It is interesting that so far, reopening schools has not had much of a direct link to outbreaks.

The Post story says:

A tracking project run out of Brown University, which includes data through early October from more than 1,200 schools, finds fewer than 1 percent of students and staff had confirmed coronavirus infections.

In Texas, which ordered schools to open, the Department of State Health Services reported nearly 2,000 students with newly confirmed cases for the week ending Oct. 11. That was a tiny fraction — well under 1 percent — of the 2.1 million students attending school in person. Among school staff, too, just a fraction of a percent reported infections.

And in New York City, the school system reported conducting more than 16,000 tests last week, with 28 people testing positive for the coronavirus — 20 staff members and eight students. That was just 0.17 percent of the total.

Data in other states is less clear because districts are not required to report cases. But overall, experts say, infection rates are lower than in the larger community.

It’s not entirely clear why, but experts say factors include mitigation strategies used by many schools, such as required masks and social distancing in the buildings, as well as children’s lower infection rates overall.

The Chicago Tribune says that just as some schools reopen, a new virus surge shuts them right back down again, which raises the question of whether that disruption is worse than just staying virtual until vaccines are available and the cases subside longer-term.

In Boston, the city is closing all in-person classes beginning today until COVID-19 cases decline again.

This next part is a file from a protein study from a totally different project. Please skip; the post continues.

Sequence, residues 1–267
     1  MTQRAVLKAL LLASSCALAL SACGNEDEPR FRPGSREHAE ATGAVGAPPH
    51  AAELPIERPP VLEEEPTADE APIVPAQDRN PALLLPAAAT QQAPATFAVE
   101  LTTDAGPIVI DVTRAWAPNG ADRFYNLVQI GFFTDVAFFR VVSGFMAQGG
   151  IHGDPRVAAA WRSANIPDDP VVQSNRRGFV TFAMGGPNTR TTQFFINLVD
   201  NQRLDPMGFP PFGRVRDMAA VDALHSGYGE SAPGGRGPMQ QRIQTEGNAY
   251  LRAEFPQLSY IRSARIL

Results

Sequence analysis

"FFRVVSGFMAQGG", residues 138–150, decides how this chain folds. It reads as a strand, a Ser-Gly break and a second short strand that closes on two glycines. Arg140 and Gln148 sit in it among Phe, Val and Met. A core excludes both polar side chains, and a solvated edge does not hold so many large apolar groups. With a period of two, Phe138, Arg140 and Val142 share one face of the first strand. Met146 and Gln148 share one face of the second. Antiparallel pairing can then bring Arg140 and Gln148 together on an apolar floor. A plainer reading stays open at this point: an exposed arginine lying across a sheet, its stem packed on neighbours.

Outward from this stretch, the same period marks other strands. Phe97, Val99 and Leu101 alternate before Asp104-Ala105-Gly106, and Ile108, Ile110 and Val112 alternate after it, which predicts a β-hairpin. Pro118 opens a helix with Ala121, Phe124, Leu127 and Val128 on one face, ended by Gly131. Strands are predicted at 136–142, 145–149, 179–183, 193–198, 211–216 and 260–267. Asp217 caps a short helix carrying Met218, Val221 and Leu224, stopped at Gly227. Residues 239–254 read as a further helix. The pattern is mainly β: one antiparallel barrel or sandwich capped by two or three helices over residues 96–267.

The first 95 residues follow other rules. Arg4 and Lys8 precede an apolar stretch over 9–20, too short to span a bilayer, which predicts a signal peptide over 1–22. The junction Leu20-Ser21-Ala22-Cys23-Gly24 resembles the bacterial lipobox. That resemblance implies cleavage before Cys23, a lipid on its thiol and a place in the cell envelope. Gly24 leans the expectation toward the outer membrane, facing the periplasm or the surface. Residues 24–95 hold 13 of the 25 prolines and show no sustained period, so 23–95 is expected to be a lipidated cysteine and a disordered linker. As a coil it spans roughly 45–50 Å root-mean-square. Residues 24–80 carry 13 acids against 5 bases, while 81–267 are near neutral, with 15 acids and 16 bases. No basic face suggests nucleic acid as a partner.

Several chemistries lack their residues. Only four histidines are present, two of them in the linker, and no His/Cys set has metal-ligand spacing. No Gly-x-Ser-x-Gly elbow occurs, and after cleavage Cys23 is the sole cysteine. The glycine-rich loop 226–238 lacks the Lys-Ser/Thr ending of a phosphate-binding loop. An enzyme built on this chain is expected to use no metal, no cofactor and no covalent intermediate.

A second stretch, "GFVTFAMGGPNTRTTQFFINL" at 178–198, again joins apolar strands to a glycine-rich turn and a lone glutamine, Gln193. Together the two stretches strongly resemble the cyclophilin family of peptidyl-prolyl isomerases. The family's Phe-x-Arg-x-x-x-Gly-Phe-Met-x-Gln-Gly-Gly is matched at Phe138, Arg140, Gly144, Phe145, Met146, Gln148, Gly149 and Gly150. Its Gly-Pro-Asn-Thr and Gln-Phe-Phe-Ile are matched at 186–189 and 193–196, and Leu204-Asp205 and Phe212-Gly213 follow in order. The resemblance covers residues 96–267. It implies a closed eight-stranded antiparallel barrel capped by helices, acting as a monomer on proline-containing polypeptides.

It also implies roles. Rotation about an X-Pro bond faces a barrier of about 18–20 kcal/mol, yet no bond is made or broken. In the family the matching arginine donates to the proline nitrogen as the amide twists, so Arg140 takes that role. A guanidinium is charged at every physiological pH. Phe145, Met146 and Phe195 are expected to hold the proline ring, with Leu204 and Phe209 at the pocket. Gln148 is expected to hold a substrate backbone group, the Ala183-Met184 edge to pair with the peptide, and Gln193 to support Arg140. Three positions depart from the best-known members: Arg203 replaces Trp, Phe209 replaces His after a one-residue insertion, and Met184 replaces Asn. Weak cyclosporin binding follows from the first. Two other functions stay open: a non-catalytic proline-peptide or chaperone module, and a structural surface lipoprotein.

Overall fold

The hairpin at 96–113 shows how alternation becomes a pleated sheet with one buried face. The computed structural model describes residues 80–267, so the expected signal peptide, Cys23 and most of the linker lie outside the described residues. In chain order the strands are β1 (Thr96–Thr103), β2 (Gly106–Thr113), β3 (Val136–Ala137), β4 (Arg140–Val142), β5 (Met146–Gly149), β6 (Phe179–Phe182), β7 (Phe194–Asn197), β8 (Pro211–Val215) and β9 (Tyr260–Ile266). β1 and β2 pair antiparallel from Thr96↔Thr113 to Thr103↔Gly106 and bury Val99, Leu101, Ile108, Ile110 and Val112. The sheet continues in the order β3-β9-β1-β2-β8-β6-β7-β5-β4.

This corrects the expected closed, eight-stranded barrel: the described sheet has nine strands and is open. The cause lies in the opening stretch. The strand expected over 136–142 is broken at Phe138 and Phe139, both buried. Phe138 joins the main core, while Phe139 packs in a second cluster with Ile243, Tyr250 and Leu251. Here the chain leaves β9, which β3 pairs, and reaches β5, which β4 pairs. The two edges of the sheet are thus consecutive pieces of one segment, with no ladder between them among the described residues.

The CDC redefines ‘close contact’

On Wednesday, the Centers for Disease Control and Prevention redefined what it means by “close contact.”

The CDC used to consider 15 minutes of close exposure (within six feet) to an infected person as dangerous close contact. But now the CDC says close contact does not have to be for 15 minutes nonstop, and instead could be shorter encounters with an infected person that add up to 15 minutes of contact over 24 hours.

So, you are just as much at risk if you have frequent short contacts with an infected person, like at a water cooler or coffee break room, as you are one longer encounter on a subway.

The new guidance reflects findings from Vermont, where researchers tell the story of a young prison worker who had had 22 interactions with a number of incarcerated people that totaled 17 minutes over an eight-hour shift.  Six of the people he had contact with had been transferred to this prison on July 28 from out of state. The prisoners were held in quarantine while their COVID-19 test results were pending. None had obvious COVID-19 symptoms, but all six tested positive for the coronavirus.
On Aug. 4, the corrections employee — who had been wearing a mask, face shield and gloves with every encounter — came down with COVID-19 symptoms and then tested positive. A CDC report said the correctional officer had no other known contact with an infected person, the positive rate in the surrounding area was low and that he was most likely infected by his multiple short contacts with a number of infected incarcerated people. Those short, multiple contacts that added up to 17 minutes a day seems to have been enough to expose and infect the guard.

A used pickup truck shortage

As a pickup owner, I am not the least bit surprised the rest of you are waking up to the wisdom of this lifestyle. But as I gloat, a national shortage of used trucks is so great that buyers are willing to drive hundreds of miles to find what they want.